Sunday, April 10, 2011

Yellow Trout Lily (Erythronium rostratum)

Yellow Trout Lily is another woodland wildflower that begins blooming here in mid-March. This photo Jo took on March 17, is one of the very first trout lily blooms we saw in 2011. The trout lily's common name is based upon its mottled leaves. (Here is a previous post with a photo that shows leaves.)

Trout lilies are also known as Dog-toothed Violets. The numerous rhizomes on the bottom of its root could resemble a dog's jaw and canine teeth if you've got a good imagination. However, it is a member of the lily family and not a violet. Both leaves and roots are supposedly edible, although I've never been hungry enough to give either a try.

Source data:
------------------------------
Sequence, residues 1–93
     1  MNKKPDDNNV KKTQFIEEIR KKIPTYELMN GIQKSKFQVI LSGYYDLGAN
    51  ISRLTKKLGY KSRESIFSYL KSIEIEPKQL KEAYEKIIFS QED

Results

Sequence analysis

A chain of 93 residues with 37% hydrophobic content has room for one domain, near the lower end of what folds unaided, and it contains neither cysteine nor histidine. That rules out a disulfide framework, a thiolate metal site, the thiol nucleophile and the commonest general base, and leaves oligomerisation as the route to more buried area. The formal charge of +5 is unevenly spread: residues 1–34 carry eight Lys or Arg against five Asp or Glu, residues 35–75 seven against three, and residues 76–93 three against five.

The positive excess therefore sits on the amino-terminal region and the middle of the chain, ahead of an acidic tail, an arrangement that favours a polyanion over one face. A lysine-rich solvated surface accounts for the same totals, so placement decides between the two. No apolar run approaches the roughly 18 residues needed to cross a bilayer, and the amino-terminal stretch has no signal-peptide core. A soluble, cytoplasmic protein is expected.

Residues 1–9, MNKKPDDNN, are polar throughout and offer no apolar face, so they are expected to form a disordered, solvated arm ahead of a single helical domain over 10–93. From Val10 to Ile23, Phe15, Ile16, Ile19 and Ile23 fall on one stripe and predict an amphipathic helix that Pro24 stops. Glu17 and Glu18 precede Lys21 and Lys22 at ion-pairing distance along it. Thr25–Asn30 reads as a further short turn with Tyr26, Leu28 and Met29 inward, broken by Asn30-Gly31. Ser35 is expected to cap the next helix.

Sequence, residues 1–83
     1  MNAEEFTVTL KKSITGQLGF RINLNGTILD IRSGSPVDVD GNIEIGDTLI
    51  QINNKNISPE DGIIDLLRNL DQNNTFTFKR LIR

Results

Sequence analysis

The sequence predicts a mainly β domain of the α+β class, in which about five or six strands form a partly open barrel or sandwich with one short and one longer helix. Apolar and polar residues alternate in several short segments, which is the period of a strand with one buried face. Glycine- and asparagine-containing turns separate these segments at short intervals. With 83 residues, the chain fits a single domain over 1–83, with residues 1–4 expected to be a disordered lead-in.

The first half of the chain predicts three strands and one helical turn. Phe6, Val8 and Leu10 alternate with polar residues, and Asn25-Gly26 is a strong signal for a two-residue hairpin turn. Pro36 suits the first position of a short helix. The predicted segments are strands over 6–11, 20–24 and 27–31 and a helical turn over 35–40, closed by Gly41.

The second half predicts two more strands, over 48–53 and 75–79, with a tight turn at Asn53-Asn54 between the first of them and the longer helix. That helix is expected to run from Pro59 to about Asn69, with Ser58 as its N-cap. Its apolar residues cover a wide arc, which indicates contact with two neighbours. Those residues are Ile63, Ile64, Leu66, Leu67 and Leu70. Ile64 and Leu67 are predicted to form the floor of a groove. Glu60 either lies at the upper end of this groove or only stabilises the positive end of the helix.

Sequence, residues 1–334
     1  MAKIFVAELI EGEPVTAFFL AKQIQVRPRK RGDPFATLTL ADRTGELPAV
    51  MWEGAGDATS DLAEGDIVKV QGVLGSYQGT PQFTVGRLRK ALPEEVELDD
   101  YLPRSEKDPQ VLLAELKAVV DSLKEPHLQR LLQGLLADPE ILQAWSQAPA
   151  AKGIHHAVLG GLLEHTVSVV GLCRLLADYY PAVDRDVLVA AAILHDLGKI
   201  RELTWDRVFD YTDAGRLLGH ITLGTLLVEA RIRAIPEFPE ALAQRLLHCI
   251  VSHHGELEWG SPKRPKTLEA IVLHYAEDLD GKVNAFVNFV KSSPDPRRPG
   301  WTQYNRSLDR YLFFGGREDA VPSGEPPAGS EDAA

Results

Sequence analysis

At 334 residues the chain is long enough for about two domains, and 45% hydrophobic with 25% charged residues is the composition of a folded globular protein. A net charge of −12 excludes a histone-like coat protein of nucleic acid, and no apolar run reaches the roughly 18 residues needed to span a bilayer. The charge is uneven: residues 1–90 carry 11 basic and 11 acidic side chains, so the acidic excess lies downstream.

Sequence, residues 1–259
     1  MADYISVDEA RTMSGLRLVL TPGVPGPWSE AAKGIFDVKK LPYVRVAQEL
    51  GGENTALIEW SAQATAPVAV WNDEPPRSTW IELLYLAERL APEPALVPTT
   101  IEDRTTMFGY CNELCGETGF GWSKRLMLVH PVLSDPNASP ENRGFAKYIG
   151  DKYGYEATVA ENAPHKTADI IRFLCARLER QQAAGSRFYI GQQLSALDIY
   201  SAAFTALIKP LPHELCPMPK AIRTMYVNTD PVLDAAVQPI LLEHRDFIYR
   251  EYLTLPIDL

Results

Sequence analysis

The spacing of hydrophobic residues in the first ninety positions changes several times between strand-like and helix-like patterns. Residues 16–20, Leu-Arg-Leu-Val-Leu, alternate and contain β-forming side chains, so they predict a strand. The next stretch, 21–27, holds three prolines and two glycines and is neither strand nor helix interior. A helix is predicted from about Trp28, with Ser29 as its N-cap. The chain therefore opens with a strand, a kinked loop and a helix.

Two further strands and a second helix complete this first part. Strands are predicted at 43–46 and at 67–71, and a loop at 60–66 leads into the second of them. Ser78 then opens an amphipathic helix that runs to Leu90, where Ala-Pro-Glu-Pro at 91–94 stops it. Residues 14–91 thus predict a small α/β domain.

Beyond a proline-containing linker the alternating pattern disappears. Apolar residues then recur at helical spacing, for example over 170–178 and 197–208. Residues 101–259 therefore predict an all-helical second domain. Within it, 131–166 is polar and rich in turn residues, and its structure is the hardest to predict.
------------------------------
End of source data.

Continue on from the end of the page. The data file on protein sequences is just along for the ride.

Yellow Troutlily is much less widely distributed than it's long, red-anthered cousin Erythronium americanum. It is limited to the Ozark Mountains and a few other isolated pockets in the south-central United States. Unlike the other members of its genus, E. rostratum has erect rather than nodding flowers.



Mike B. @ said...

Beautiful photo! We had one sunny day on Friday and some flowers exploded. Now we're back to a week of clouds and rain.

TexWisGirl said...

very pretty! i love all your woodland wildflowers - so much like wisconsin.

Appalachian Lady said...

Lovely--we don't have the trout lily on our land but it is in this area.

Anne McCormack said...

Trout lily is one of my favorites! I haven't seen any yet in eastern Missouri.

Pat - Arkansas said...

Beautiful! Gardening Daughter recently spied some sort of wild flower that, from the leaves, she believed to be Trout Lily, but its bloom was white.

Good photo, Jo.

Anonymous said...

Lovely light and color. I haven't seen any blossoming here yet.